Scientists Genetically Edit Pigs for Cold Resistance & Low-Fat Bacon

By modifying genomes, scientists “created” low-fat pigs that can thrive in the cold.

By Ethan L. Johns
October 24, 2017

Image: Inga Kjer/Photothek via Getty Images

What do you get when you cross a pig with a mouse? No, that’s not the set-up to a dumb pun (we’re spare-ribbing you this time). In a new paper published on Monday, Chinese scientists explained their efforts to do just that. Spoiler alert: they were successful.

Do not fret, the story is not so P.T. Barnum-grotesque as it may sound; there are no oinking mice or pawed pigs.

Most mammals possess a gene called UCP1 which helps their bodies regulate temperature. Pigs do not, so cold weather can be a challenge—especially for piglets.

Seeking to produce a pig with better cold tolerance, the scientists used the gene-editing technology known as CRISPR/Cas9 to insert UCP1 from mice gene into pig embryos. After the embryos were implanted in female pigs, 12 healthy genetically modified piglets were successfully birthed.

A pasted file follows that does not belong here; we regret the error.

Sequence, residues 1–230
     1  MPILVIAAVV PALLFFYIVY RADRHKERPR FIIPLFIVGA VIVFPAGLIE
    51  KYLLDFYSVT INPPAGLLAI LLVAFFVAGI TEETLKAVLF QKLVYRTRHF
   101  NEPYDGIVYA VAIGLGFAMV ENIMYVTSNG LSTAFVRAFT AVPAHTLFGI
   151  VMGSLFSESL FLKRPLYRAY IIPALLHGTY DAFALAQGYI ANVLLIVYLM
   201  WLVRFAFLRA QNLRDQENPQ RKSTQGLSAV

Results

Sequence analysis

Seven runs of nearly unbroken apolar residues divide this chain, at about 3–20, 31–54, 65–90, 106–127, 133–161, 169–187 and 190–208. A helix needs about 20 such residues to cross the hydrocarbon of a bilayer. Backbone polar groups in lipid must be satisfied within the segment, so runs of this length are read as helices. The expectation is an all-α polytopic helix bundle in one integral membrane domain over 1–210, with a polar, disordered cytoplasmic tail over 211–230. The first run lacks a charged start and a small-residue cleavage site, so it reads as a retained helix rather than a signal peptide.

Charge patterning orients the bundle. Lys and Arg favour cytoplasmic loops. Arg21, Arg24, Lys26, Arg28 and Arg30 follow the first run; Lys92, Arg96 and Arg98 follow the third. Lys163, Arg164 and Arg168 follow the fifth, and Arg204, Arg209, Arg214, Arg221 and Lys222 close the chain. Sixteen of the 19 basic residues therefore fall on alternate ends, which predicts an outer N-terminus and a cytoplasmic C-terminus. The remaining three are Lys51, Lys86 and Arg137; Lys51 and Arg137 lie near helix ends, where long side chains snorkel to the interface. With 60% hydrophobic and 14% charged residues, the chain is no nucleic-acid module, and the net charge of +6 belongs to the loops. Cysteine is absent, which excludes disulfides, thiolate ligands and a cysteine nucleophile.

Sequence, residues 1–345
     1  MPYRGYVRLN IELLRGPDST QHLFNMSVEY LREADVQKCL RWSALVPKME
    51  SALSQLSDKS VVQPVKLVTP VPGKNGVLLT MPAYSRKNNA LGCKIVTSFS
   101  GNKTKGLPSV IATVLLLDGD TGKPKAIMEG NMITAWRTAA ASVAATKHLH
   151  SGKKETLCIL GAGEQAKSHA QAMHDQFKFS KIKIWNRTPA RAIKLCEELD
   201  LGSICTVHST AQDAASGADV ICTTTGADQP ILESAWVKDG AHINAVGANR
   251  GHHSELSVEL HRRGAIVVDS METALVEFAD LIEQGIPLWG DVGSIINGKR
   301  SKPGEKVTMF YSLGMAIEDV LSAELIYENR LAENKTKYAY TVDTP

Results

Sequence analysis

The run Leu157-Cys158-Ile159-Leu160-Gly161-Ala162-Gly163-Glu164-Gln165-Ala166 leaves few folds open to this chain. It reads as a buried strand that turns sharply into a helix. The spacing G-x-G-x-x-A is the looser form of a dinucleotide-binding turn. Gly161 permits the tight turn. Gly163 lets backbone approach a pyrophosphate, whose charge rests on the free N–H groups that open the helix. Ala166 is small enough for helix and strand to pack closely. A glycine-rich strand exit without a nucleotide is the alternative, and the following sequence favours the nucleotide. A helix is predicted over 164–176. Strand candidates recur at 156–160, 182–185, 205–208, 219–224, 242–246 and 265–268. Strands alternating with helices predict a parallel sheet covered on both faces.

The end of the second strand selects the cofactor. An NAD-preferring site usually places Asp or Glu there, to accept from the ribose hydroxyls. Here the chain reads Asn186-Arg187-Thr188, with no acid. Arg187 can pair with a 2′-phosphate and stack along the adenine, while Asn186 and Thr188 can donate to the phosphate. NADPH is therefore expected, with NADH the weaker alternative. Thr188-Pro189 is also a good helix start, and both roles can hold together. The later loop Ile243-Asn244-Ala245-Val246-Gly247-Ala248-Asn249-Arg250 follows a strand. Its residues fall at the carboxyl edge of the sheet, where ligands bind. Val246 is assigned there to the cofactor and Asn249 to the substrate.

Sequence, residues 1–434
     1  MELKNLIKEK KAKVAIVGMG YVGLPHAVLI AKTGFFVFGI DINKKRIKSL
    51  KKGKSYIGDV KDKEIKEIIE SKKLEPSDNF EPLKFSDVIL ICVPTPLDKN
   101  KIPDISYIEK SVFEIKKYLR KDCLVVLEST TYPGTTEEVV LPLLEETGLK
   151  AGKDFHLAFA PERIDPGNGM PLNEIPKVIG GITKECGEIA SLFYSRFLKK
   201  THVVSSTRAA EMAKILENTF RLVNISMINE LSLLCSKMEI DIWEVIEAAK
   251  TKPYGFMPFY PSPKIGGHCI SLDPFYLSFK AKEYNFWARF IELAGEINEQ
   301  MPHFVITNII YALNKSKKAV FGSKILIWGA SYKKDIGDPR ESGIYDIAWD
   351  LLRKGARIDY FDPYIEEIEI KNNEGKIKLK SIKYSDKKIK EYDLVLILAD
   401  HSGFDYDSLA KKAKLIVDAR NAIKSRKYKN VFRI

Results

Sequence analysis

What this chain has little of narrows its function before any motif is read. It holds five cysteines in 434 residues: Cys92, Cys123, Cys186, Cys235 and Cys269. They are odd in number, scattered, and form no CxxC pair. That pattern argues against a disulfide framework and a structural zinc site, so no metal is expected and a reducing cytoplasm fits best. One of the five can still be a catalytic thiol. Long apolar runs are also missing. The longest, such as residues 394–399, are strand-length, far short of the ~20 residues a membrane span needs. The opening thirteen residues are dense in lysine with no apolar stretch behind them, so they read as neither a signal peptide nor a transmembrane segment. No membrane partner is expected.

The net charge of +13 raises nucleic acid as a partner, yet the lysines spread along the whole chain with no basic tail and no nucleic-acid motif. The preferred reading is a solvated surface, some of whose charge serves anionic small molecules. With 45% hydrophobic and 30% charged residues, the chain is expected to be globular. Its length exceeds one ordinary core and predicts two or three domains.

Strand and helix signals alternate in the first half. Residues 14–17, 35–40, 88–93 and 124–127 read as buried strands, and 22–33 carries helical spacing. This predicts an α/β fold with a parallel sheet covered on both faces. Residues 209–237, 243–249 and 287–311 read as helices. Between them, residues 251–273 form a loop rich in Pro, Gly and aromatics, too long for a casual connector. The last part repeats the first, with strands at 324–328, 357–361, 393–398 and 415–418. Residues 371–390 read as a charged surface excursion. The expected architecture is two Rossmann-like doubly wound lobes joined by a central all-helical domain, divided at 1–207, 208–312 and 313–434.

The researchers found that the pigs not only were more successful in regulating their body temperatures in cold environments, but they did so by burning fat. Low-fat bacon anybody?

The paper, published in the Proceedings of the National Academy of Sciences, is already making waves in the world of livestock because it shows the potential applications of genetic modification.

"[This paper] demonstrates a way that you can improve the welfare of animals at the same [time] as also improving the product from those animals — the meat," said R. Michael Roberts, the paper’s editor and a professor of animal sciences at the University of Missouri, to NPR. He believes it to be unlikely that these pigs will ever find their way to the US; FDA regulations take years to clear, and Americans are largely hesitant when it comes to consuming GMO products.

Is this research, as some would say, an expression of the scientist god complex? Or is it a practical contribution to the welfare of animals and to the quality of food?

All we know is that we prefer full-fat bacon.

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About Ethan L. Johns

Ethan is the Food News Writer at Genius Kitchen. An expert on the Parisian bistrot, he likes bitters and salted butters, and is no fan of dessert unless it's made with fruit. His hobbies include reading up on the history of borscht and attempting to roll perfect couscous by hand. Twits & Instagram @EthanLJohns